• More about the FSA: Participants sometimes commented that they felt more comfortable and informed about precision breeding because they had learned, through their participation in this research, how involved the FSA are in regulating the safety of our food. For this reason, participants suggested that FSA conduct an awareness campaign about its own role, that it is independent, scientific, and non-political, and its processes and safety measures. They felt this should be done ahead of the introduction of precision breeding to lay the groundwork for consumers to be able to trust the FSA’s communications about precision breeding when the time comes.  

“Put money into raising people's trust in the FSA. What the FSA does, why we should trust them.” (Workshop 2, Wales) 

  • How food characteristics of products might change: Participants thought that consumers should know whether to look out for certain changes, particularly ones that may affect consumers with food hypersensitivities, pregnancy, or medical conditions.  They also wanted to be informed about changes in specific nutritional characteristics and other issues such as shelf-life.
  • Organisations involved: As discussed throughout this report, there was a strong concern about biased decision making, with concerns that politicians and corporations may influence precision breeding decisions in their own financial or political favour, rather than the public’s interest. For this reason, participants thought the public should be actively informed about which organisations or individuals are researching, funding, campaigning for, or may profit from, precision breeding advancement. This type of public information was seen as a way to build public trust through transparency, and also combat misinformation.

Similarly, around eight in ten survey respondents say it would be important to have a range of information about precision breed food (on everything tested), particularly about allergies, pregnancy and other health conditions (which 84% say would be important). Vegetarians and people who are concerned about the impact the food they eat has on the environment or concerned about animal welfare are consistently more likely to say each of the different types of information tested would be important. 

During workshop discussions, despite a broad desire for clear and transparent public education about precision breeding, there were a range of views on the level of detail, or the extent to which this information should be pushed to consumers.  

One view was that there should be a major multi-media awareness campaign, actively circulating information to ensure that as many consumers as possible are properly educated about precision breeding.      

“You need a media campaign to inform the public what it is, then benefits of it and any negatives if there are any at that stage. Putting a sign on a shop or a small label is not adequate to inform people.” (Workshop 2, Northern Ireland)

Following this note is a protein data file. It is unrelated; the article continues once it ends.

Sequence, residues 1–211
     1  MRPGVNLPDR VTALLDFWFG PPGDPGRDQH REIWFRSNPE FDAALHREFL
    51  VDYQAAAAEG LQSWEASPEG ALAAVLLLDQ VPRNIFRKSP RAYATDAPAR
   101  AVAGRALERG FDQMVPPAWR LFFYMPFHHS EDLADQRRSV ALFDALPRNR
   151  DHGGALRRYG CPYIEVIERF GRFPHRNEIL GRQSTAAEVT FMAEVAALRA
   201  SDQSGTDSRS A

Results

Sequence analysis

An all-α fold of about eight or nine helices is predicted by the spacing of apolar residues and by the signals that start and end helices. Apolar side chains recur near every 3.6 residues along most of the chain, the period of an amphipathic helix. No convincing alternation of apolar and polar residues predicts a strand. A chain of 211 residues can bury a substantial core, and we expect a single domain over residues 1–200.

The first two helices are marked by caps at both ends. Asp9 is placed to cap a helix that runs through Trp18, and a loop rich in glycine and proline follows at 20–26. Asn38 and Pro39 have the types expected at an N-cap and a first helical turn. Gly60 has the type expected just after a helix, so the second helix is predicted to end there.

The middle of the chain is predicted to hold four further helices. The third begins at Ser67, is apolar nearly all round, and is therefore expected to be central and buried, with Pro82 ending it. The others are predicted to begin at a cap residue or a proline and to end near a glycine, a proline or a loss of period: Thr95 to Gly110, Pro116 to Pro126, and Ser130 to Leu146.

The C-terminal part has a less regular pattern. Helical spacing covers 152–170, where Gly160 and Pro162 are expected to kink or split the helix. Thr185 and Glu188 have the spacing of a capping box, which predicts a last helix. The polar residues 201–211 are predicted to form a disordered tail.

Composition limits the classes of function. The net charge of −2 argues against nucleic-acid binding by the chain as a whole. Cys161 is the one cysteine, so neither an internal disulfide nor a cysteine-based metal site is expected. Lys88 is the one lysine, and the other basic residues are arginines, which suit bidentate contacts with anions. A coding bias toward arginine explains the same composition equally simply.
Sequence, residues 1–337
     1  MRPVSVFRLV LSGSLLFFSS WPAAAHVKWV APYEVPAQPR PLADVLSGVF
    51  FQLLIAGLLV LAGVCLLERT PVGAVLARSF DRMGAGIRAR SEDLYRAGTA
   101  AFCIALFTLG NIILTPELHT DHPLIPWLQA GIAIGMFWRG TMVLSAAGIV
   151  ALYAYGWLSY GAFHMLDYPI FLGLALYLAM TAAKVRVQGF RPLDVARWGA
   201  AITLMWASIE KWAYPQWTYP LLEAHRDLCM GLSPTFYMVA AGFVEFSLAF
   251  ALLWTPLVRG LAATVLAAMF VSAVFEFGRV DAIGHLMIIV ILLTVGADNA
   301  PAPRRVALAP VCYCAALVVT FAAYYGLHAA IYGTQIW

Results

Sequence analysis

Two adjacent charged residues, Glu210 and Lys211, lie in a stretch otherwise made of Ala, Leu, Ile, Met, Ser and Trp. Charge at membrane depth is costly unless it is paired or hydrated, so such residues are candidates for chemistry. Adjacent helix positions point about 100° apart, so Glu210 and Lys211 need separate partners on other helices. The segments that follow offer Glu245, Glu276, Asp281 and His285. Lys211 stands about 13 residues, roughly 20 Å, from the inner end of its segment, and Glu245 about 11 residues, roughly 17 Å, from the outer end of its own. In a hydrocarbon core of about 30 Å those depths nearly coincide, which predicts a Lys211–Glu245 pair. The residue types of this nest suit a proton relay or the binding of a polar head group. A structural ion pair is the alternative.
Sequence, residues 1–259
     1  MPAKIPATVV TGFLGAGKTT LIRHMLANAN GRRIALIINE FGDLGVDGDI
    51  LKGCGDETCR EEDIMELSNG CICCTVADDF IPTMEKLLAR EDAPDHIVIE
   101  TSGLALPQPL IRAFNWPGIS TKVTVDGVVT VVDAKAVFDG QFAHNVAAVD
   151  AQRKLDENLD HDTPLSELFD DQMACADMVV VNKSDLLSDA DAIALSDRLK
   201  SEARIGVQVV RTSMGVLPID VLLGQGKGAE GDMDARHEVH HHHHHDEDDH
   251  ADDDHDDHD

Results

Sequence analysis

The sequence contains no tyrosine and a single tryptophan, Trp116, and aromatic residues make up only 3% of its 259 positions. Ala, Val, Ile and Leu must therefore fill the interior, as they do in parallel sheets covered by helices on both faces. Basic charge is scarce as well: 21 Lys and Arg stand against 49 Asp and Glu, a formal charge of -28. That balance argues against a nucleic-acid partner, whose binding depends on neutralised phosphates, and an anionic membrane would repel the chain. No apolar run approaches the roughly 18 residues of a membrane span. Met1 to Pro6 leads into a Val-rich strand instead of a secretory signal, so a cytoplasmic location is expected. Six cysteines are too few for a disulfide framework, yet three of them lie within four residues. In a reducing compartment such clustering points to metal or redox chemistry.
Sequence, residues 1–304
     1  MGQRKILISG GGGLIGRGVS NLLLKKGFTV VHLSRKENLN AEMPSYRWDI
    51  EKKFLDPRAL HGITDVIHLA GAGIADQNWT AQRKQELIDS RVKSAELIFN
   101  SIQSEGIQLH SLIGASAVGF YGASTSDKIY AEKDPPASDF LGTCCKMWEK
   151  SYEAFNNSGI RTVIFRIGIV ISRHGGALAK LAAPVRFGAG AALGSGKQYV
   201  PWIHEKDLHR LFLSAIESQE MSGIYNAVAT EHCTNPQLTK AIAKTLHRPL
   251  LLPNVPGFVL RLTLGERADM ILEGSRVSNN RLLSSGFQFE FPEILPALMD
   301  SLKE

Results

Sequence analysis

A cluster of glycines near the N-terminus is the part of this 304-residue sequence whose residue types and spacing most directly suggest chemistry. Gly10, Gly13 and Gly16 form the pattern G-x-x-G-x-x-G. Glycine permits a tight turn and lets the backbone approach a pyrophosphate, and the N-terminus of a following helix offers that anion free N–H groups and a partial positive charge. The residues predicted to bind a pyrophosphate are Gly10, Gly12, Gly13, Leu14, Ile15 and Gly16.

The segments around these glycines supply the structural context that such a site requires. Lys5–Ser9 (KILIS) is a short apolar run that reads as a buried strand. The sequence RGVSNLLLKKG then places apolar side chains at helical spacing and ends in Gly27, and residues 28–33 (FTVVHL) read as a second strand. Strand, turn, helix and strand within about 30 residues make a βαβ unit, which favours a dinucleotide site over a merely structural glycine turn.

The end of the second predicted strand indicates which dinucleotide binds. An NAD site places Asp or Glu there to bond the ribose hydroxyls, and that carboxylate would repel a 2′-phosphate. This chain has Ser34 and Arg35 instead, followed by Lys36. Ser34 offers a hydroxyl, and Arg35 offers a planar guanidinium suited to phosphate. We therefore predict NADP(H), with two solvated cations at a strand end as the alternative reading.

These participants reasoned that consumers should already be informed before precision bred foods are on the shelves. They suggested that if consumers understand the benefits and risks before the products are available, they have time to form some expectations and trust in the process, rather than be alarmed and pushed towards misinformation.  

“Hopefully by the time the products reach shelves there will already be a campaign of awareness around what to expect and people are already informed” (Workshop 2, Northern Ireland)  

“There has been an increase in conspiracy theories… you will never get rid of that no matter how much information you provide. I do think it's important, that the information is given rather than have the fear of too much information... I think it is important that scientific evidence is provided.” (Workshop 2, England)  

However, others disagreed with this suggestion. They argued that a campaign pushing a high level of detailed information about precision breeding could overwhelm many consumers with more information than they want, need or are able to process.  

Another stance was that there could be a lighter touch awareness campaign, informing consumers that a new type of food process called precision breeding may be used on some foods, and directing consumers to sources of further information. Participants suggested that this approach considers the different information needs consumers may have, accommodating for those who are anxious or keen to know more can do so, without unsettling or overwhelming consumers who are not too interested.  

Participants voiced significant distrust in UK mass media, and most news sources. They felt that the news and media do not prioritise accuracy or public benefit and are instead seeking strong public reaction. They therefore thought that communications about precision breeding must carefully consider the impact of the media, making frequent references to the backlash to genetically modified foods, and how the same response could be prompted now by loud headlines.  

"You'd have to be very careful about how you communicate this because it could cause another scare on the scale of GM food when it first came out. It was all over the newspapers, about how this was going to corrupt the world's crops and all that... If you're saying it's definitely not genetically modified, then that's something that needs to be communicated effectively or the public won't trust it. " (Workshop 2, Northern Ireland)